January 24, 2009
Warming letter from Shirley Burnham
Shirley is not related to the Secretary of State for Culture, but she is an articulate voice for public libraries firmly focussed on saving the library in Old Town, Swindon.
She has a cheering letter in The Independent this morning
"As someone trying to save a much-loved branch library in Swindon's historic Old Town, I have discovered a great network of people working to keep libraries throughout the country. I am horrified that Wirral Council plans to close half its libraries. But it is heartening that many people are writing to Andy Burnham to call in that decision, thanks to the Libraries Act, which enables the Secretary of State to intervene when a local authority fails to provide a comprehensive and efficient service.
Swindon, Wiltshire "
Posted by Perkins at January 24, 2009 9:42 AM
The key words here are "comprehensive" and "efficient". Many peope from all walks of life would claim to know what being "efficient" means, especially accountants, but when has the word "comprehensive" ever been defined by a judge or anyone else in order to clarify the force of the 1964 Libraries Act? How does the Secretary of State know when to act: to intervene on behalf of library users? All this strikes me as completely arbitrary. A new Act of Parliament is needed, at the very least.
Posted by: Frank Daniels at January 24, 2009 3:13 PM
I have often heard senior library managers and librarians moaning that the 1964 Act is not satisfactory because there is a need to define 'Comprehensive' and 'efficient'. If professional librarians and council officers don't know what these words mean they should go and find out. There is no need to rewrite the Act of Parliament and not being able to understand these words should not be used as an excuse for not doing a perfectly straightforward job.
In the case of The Wirral closing 11 libraries anyone there should be no difficulty for the Secretary of State being motivated to undertake his responsibility to superintend and intervene.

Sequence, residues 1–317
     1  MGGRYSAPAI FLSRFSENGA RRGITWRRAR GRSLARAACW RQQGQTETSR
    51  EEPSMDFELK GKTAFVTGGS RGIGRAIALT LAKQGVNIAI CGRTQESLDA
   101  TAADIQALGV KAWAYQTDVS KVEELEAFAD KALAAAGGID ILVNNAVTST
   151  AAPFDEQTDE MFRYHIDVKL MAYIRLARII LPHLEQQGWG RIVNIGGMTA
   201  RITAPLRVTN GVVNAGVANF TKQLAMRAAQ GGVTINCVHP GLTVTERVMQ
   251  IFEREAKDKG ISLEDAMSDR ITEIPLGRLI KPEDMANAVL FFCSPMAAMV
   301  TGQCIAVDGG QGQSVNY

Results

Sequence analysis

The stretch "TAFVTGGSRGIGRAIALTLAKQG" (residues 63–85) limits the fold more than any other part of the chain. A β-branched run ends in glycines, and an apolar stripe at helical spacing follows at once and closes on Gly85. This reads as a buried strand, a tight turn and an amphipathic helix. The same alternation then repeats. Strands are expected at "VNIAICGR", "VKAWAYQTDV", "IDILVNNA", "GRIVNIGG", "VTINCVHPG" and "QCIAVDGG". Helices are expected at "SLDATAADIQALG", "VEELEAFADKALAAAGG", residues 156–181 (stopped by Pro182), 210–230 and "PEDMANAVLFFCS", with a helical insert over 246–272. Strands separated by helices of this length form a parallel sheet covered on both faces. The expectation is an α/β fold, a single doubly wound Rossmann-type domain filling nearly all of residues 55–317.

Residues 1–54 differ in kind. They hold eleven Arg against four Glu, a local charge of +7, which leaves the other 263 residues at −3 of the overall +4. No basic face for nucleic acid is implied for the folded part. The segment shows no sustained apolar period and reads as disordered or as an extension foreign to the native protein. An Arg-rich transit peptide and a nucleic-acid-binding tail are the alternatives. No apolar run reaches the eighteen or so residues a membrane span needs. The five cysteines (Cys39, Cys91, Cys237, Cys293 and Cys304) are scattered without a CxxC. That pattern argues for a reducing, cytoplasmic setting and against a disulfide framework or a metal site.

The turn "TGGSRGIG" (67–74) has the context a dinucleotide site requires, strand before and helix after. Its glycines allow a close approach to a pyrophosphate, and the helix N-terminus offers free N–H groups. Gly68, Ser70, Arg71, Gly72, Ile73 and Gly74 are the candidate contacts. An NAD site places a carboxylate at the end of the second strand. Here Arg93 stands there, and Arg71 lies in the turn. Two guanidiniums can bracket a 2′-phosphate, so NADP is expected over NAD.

The law was clearly never intended to be used to send people to prison but to make sure that councils did their job in a sensible and grown up manner and to give them something to aspire to. It is a perfectly good act and we should not waste the time of parliament or civil sevants in trying to frame a new one.
I am afraid it is arguments like this that do amount to dusting the deckchairs as the ship goes down- and they will be used against those who are desperately and justifiably seeking positive urgent action to save libraries. They mustn't be; they are not clever. I'm sorry.
Posted by: Perkins at January 24, 2009 7:18 PM
Two sets of DCMS "Standards", some counter-productive, were meant to define this word for the Act.
Instead, they gave the Ministry an excuse to NOT enforce the Act for the last nine years!
Posted by: No Brain at January 26, 2009 11:30 PM
No Perkins, I can well imagine a chief librarian closing down 11 libraries (because that is what his library committee have instructed him to do) and still claiming as he executes this order that the remaining libraries still provide a "comprehensive" service. Motive? To hold on to the lucrative salary that comes with the post.
There are problems with the 1964 Act other than the lack of a definition of "comprehensive". My point is that the definition should come from professional librarians, endorsed by CILIP, and should not come from any national or local politicians. I do not have the details, but the case of Derbyshire Libraries, where a decision was made re the meaning of "comprehensive" should be looked at again, to see whether it might provide a template. I am saying that librarins should have the power to control their own profession, and that they be listened to where conflict arises, be it The Wirral or elsewhere. Looking around though, this seems like a pipe dream.
Posted by: Frank Daniels at January 27, 2009 9:23 PM
Thank you Frank, sorry to have been slow to post this, I was away from the computer.
Sadly, what you have said explains exactly why CILIP, Chief Librarians and public servants in general in this field are sometimes held in such low regard. For those whom you characterise the notion of self sacrifice for the public good is, as you so vividly describe, no longer even thought of. That is indeed what one has come to observe and explains why the trust, which you seek, to make responsible judgments about how to conduct the service, could not possibly be given to such ' professionals' as they so cynically call themselves. The worry is and has been for a long time, that they put their own personal interests first in everything they do.
Thank goodness there are a significant number who have more courage and honour.
Posted by: perkins at January 29, 2009 9:53 AM